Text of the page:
Tragedy at Stevens Pass
Credit: Courtesy Chase Jarvis
John stifter's morning started slowly. He'd been up late the night before, working on his story and drinking beer around a bonfire, and he wanted to relax before he headed to the slopes. He sipped his coffee and read the avalanche report for the day. Stifter, recalling that morning months later from his home in California, says, "I remember feeling really lucky that this was my life, that my job had brought me here, and that I could look forward to a day of powder skiing with friends. I was living my dream." Unlike Brenan and Jack, he didn't make it to the hill until around 9:45 am. Then he did a few in-bounds runs before heading to the coffee deck.

At the coffee deck, the group, which by now had grown to more than a dozen skiers, got themselves organized to head to Tunnel Creek, an accessible side-country area. (As opposed to backcountry, side-country can be reached from in-bounds ski lifts.) Tunnel Creek is a large gulley on Cowboy Mountain with a wide array of terrain and a sustained vertical drop, making it a popular out-of-bounds spot for skiers looking for untracked snow. Tunnel Creek is also a dangerous avalanche zone: A slide there had killed a snowboarder in March 2011. After a couple of hours struggling to keep up with Jack and Brenan, Black, who wasn't in great skiing shape, decided not to push himself at Tunnel Creek. He said his goodbyes, and they all agreed to find each other again after the lifts closed for a few cold PBRs, Jack's favorite beer. It was then that Black saw Jack alive for the last time, at the coffee deck, "drinking a cup of coffee, smiling his ass off, surrounded by friends, recounting the best turns of the morning, and getting psyched for more."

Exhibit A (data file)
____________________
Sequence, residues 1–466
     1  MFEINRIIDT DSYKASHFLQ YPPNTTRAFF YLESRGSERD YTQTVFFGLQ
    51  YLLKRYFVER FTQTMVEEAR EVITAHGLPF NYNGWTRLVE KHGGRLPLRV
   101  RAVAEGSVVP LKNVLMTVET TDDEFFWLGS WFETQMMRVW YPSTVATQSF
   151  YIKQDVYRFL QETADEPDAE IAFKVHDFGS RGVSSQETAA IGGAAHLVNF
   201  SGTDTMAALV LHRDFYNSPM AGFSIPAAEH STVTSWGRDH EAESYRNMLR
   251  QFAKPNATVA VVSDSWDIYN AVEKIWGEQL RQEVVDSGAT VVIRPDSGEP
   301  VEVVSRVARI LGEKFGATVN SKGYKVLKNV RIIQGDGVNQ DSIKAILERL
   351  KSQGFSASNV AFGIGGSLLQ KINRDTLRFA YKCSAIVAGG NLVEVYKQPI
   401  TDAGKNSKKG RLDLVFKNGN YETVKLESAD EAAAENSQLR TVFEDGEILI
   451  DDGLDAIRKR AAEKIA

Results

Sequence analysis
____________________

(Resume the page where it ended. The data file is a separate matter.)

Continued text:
Jack, Brenan, and Rudolph were all experienced backcountry skiers who knew Tunnel Creek and understood its risks. They always called for an avalanche report before going out-of-bounds, including that day. At 11:15 am, Rudolph checked with NWAC, and conditions remained "considerable." They finished their coffees, double-checked their radio-controlled avalanche beacons, strapped shovels and collapsible avalanche probes onto their packs, and, in high spirits, headed for Tunnel Creek. Had they called a few minutes later, they might have changed their minds: The NWAC had detected rising temperatures in the area. Warmer conditions could cause the new snowfall to condense, forming a dangerously thick and heavy slab on top of the weak layers of faceted snowpack. At 11:26 am, shortly after the group left the coffee deck, NWAC upgraded the danger level to "high."